Highlights:

  • 43% of all Injuries occurred in Gauteng
  • 45% of all Fatalities occurred in Gauteng
  • 81% is the highest Injury Rate maintained by KwaZulu-Natal

Summary

Change the way you think and you will change the way you ride!

It’s been another bad year for motorcyclists. Lives were lost or altered in more ways most of us can comprehend. Will we see a drop in these figures? No, not until things change, and by “things” I refer to our way of thinking which ultimately affects our way of riding.

Yes, motorcyclist awareness (education and legal implications) by other road users MUST be addressed, but how do you change someone who is reluctant to change, clearly more distracted, and with a lot less to lose than motorcyclists?

The onus, thus, rests on us to change – at least take the first step to improve our own safety, simply because we are at a much higher risk than any other road user.

Test Results & Analysis

As mentioned earlier, valuable raw data has also been collected from our online tests and survey, data we’ve compiled and analysed to benefit those who participated and those who have not. Be sure to learn from our research then make the necessary adjustments on a personal level.

These included:

Let’s dig in and learn.

Risk Exposure Test

This test helped 774 participants to find out if they are doing it right, or if you are pushing the envelope.

Note: From the very interesting findings below, it is crystal clear that we have a lot of work to do, both from an MSI standpoint and on a personal level. The major concern for me from the figures below is the high % of riders who taught themselves to ride and a similar % of riders who do not know how to separate braking from swerving.

Highlights:

  • 302 (39%) have Motorcycle Learner Licenses
  • 574 (74%) have a Full Motorcycle License
  • 30 (4%) licenses have been revoked
  • 45 (5.8%) had more than 2 Speeding Fines in a 12 month period
  • 31 (4%) had more than 2 Crashes in a 12 month period
  • 73 (9%) have less than 6 months Riding Experience
  • 604 (78%) have more than 24 months Riding Experience
  • 276 (36%) have been taught to ride by Friends/Family
  • 540 (69%) have taught themselves to ride
  • 416 (54%) have completed a Basic Rider Course
  • 537 (69%) have not attended Advanced Rider Courses
  • 156 (20%) ride after consuming Alcohol
  • 591 (76%) often ride on Urban Roads
  • 238 (31%) often ride at Night
  • 460 (59%) don’t ride in Rain
  • 654 (84%) can name 20 Common Road Hazards
  • 114 (15%) don’t know how to use Counter Steering
  • 108 (14%) battle with Cornering
  • 461 (60%) don’t know how to separate Braking from Swerving
  • 665 (86%) wear protective Riding Gear
  • 718 (93%) don’t ride with an Open-face Helmet
  • 531 (69%) often Lane Split / Filter in moving Traffic
  • 205 (26%) are impatient in Urban Traffic

Rider Survey

This survey provided insights into the riding experience, protective gear use, crash experiences, and demographic characteristics of 893 participants.

Note: A vague observation would be that the older, licensed Male rider who resides in Gauteng, rides his Adventure motorcycle on Urban Roads mainly for recreation during the week, usually after 2-3 beers, who had no formal training, and was involved in an MVC. 

Of course, this is just an observation based on participant input and drawn from the highlights below. You can make your own assumption…

From this, I’d suggest you enroll in the appropriate form of rider training, invest in proper riding gear, get out of the city more often, only carry enough money for fuel and food, and take your better half with.

Highlights:

  • 35% of participants are in the 50-59 Age Group
  • 89% were Male
  • 53% reside in Gauteng
  • 79% use their motorcycles for Recreation
  • 51% riding on Urban Roads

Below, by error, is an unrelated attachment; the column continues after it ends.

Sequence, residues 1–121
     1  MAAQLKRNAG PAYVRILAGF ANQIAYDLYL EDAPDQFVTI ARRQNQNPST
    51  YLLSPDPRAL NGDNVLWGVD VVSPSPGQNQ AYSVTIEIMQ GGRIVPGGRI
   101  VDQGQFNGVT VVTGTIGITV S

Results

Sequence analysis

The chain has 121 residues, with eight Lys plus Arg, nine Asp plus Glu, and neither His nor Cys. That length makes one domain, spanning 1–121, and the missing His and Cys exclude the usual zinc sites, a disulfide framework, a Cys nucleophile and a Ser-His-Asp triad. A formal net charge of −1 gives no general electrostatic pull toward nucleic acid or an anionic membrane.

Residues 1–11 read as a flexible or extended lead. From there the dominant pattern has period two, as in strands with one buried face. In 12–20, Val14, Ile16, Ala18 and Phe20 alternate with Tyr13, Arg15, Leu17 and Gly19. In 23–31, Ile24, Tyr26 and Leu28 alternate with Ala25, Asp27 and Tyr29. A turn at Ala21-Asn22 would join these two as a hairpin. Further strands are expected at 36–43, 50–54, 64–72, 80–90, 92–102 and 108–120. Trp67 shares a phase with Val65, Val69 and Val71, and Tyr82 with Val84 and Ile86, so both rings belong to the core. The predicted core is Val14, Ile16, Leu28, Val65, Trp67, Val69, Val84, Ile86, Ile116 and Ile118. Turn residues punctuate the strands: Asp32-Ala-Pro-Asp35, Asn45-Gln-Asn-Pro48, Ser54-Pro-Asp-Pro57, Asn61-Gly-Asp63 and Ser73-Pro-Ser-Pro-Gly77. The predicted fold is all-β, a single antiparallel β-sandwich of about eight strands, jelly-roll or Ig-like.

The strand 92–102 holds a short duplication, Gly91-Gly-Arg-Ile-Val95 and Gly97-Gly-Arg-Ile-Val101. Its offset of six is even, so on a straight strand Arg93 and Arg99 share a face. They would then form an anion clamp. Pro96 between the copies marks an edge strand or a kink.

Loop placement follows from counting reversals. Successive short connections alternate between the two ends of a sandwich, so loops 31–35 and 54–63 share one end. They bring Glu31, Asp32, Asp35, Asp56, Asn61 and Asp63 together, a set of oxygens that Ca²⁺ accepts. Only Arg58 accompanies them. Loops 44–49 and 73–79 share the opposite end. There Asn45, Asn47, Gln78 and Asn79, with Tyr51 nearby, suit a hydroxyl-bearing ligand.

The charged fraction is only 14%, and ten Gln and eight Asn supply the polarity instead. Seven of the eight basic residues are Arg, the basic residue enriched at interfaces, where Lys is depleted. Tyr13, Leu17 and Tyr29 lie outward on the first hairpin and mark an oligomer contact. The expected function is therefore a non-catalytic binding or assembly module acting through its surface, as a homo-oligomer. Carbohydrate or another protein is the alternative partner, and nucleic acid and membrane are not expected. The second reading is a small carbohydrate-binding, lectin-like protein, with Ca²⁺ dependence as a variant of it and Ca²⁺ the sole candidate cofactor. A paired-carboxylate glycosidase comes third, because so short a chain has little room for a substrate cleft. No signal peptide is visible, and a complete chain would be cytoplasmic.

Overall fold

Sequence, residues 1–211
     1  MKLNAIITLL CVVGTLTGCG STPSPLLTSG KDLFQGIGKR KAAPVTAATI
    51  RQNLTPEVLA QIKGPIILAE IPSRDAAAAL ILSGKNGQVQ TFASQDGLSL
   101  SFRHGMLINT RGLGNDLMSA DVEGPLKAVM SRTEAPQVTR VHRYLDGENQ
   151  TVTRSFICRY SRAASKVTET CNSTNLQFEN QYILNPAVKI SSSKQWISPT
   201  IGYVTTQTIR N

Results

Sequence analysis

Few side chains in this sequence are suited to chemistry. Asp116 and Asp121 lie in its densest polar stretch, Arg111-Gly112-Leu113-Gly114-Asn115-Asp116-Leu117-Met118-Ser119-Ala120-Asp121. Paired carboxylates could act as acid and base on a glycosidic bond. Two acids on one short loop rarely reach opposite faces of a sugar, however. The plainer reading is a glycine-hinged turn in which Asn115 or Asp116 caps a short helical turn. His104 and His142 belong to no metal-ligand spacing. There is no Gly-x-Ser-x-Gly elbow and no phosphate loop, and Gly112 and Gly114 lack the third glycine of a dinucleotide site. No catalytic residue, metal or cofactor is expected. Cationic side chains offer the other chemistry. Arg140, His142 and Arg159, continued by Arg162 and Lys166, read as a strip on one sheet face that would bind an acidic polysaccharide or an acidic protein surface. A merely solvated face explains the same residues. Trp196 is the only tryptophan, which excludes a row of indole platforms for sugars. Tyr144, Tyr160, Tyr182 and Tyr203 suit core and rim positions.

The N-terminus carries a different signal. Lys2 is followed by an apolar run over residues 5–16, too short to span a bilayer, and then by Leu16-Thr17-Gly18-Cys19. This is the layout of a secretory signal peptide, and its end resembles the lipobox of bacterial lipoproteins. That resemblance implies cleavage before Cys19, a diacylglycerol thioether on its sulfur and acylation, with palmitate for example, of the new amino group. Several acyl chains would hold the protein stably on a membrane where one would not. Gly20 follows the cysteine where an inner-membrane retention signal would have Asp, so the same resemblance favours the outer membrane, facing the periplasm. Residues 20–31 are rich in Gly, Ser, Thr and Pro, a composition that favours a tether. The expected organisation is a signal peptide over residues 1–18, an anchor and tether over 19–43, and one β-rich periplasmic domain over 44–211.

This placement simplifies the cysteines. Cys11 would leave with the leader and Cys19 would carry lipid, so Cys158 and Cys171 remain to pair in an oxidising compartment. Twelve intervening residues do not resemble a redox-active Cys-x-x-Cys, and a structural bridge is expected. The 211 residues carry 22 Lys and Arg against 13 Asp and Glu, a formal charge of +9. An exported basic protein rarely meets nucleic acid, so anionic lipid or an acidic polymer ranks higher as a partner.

• 43% ride Adventure Motorcycles
  • 81% hold a Full Motorcycle License
  • 75% had no formal Rider Training
  • 51% ride during the Week
  • 56% have 2-3 drinks before a ride
  • 65% have been involved in a Motorcycle Vehicle Crash (MVC)

Basic Safety Quiz

This test provided 701 participants with valuable information on what level they operate their motorcycles on South African roads. Each participant was given 50 key questions to answer, and in the end, graded their basic knowledge.

Now, I’m not going to list all 50 questions and answers here, but the average score was 41/50.

Highlights:

  • 24% scored below the 40/50 average
  • 25/50 was the lowest score
  • 22% scored above the 45/50 average
  • 49/50 was the highest score achieved by 23 participants

I strongly believe participants learned a valuable lesson with every question, and I’m encouraged to see an above-average final score.

Why don’t you give the Basic Safety Quiz a go and see how your score turns out.


Ride with Skill & Confidence – Get Trained!

To the day I leave GOD’s green earth, I will not falter in my belief and efforts of Rider Training, Motorcycle Safety & Risk Awareness. All of the above stats come down to one thing, and one thing only – Training, followed by a good dose of patience, anticipation, and respect before you swing your leg over that machine.

So, despite the obvious benefits of rider training, why do most people avoid it?

Well, it comes down to the following, and in this order: Mindset, Location, Urgency, Cost

The scary fact is, I was once told by a psychologist, the average person only uses up to 25% of his/her brain, then add a generous 15% of common instinct (which is habitual), and the balance of 60% is left to chance. There’s our problem!

Like the body, the brain needs constant training to stay sharp, develop good habits; thus, when trained consistently our brains build muscle or mental memory.

We are what we think, and we ride how we think … with only 25-40% of our mental muscle.

Change the way you think today, and you will change the way you ride tomorrow.

Hein Jonker
Director

On a personal note, I’d like to thank my amazing wife and family for their ongoing sacrificial support. My deepest gratitude to my sponsors, supporters and friends, EMS heroes, Traffic Authorities, media partners, and mentors. It’s been tough and challenging most of the time, but very rewarding if this saves one life. To you on 2-wheels, please stay the hell off my stats!

I certainly have learned a lot, and I sincerely believe you have too. To all the Other Road Users, please remember that Every Motorcycle Carries a Life. Share the roads with us with the necessary respect and consideration, and I promise you, we’ll return the favour.

Feel free to contact me with any questions, suggestions, or concerns you may have. Ride to Live!